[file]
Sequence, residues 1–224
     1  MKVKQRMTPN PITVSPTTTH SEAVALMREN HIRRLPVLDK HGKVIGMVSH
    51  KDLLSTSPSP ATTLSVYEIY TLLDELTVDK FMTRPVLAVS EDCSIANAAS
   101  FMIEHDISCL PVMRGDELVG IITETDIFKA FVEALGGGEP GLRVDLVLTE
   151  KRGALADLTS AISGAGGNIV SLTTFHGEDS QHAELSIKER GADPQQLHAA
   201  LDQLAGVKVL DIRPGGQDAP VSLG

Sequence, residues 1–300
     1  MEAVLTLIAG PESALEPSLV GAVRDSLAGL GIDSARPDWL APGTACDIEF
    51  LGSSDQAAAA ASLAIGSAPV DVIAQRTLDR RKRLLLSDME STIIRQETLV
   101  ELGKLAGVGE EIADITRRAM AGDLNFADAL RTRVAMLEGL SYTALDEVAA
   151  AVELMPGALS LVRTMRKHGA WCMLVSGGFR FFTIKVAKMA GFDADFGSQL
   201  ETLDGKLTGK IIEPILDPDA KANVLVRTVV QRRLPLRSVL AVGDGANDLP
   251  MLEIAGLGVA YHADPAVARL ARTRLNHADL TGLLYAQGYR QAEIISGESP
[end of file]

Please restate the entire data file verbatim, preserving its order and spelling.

Sequence, residues 1–224
     1  MKVKQRMTPN PITVSPTTTH SEAVALMREN HIRRLPVLDK HGKVIGMVSH
    51  KDLLSTSPSP ATTLSVYEIY TLLDELTVDK FMTRPVLAVS EDCSIANAAS
   101  FMIEHDISCL PVMRGDELVG IITETDIFKA FVEALGGGEP GLRVDLVLTE
   151  KRGALADLTS AISGAGGNIV SLTTFHGEDS QHAELSIKER GADPQQLHAA
   201  LDQLAGVKVL DIRPGGQDAP VSLG

Sequence, residues 1–300
     1  MEAVLTLIAG PESALEPSLV GAVRDSLAGL GIDSARPDWL APGTACDIEF
    51  LGSSDQAAAA ASLAIGSAPV DVIAQRTLDR RKRLLLSDME STIIRQETLV
   101  ELGKLAGVGE EIADITRRAM AGDLNFADAL RTRVAMLEGL SYTALDEVAA
   151  AVELMPGALS LVRTMRKHGA WCMLVSGGFR FFTIKVAKMA GFDADFGSQL
   201  ETLDGKLTGK IIEPILDPDA KANVLVRTVV QRRLPLRSVL AVGDGANDLP
   251  MLEIAGLGVA YHADPAVARL ARTRLNHADL TGLLYAQGYR QAEIISGESP